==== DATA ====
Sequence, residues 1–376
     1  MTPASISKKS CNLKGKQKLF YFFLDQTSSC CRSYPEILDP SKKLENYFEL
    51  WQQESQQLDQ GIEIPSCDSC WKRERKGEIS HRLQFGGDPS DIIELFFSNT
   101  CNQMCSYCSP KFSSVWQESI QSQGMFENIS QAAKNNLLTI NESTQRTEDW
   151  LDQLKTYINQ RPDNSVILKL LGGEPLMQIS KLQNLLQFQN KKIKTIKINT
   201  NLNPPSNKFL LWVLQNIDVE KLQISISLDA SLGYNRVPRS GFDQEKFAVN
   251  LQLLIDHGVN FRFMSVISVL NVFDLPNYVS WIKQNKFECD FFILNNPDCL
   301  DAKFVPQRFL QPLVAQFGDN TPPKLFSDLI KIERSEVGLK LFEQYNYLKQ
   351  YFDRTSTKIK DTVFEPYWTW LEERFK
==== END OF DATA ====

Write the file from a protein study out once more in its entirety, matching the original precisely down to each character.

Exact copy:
Sequence, residues 1–376
     1  MTPASISKKS CNLKGKQKLF YFFLDQTSSC CRSYPEILDP SKKLENYFEL
    51  WQQESQQLDQ GIEIPSCDSC WKRERKGEIS HRLQFGGDPS DIIELFFSNT
   101  CNQMCSYCSP KFSSVWQESI QSQGMFENIS QAAKNNLLTI NESTQRTEDW
   151  LDQLKTYINQ RPDNSVILKL LGGEPLMQIS KLQNLLQFQN KKIKTIKINT
   201  NLNPPSNKFL LWVLQNIDVE KLQISISLDA SLGYNRVPRS GFDQEKFAVN
   251  LQLLIDHGVN FRFMSVISVL NVFDLPNYVS WIKQNKFECD FFILNNPDCL
   301  DAKFVPQRFL QPLVAQFGDN TPPKLFSDLI KIERSEVGLK LFEQYNYLKQ
   351  YFDRTSTKIK DTVFEPYWTW LEERFK